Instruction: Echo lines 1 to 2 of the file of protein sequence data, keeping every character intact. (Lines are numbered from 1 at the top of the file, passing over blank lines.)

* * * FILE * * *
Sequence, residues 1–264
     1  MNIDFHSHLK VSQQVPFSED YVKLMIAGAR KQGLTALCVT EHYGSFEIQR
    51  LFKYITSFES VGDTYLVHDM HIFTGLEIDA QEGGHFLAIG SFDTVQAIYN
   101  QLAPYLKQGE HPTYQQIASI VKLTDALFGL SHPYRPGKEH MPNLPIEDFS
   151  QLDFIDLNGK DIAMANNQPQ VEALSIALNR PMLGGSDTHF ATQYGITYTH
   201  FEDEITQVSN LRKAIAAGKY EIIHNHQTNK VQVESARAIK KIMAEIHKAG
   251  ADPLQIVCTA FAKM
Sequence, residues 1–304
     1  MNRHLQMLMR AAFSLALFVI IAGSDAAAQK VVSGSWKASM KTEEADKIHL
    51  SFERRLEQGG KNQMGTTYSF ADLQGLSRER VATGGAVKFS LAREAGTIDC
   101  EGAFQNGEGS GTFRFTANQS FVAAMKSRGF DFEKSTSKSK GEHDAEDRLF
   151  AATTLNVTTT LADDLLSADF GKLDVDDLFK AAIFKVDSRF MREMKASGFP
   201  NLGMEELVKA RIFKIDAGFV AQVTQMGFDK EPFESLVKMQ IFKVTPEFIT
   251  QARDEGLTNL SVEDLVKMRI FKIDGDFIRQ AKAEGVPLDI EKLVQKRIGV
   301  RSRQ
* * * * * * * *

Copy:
Sequence, residues 1–264
     1  MNIDFHSHLK VSQQVPFSED YVKLMIAGAR KQGLTALCVT EHYGSFEIQR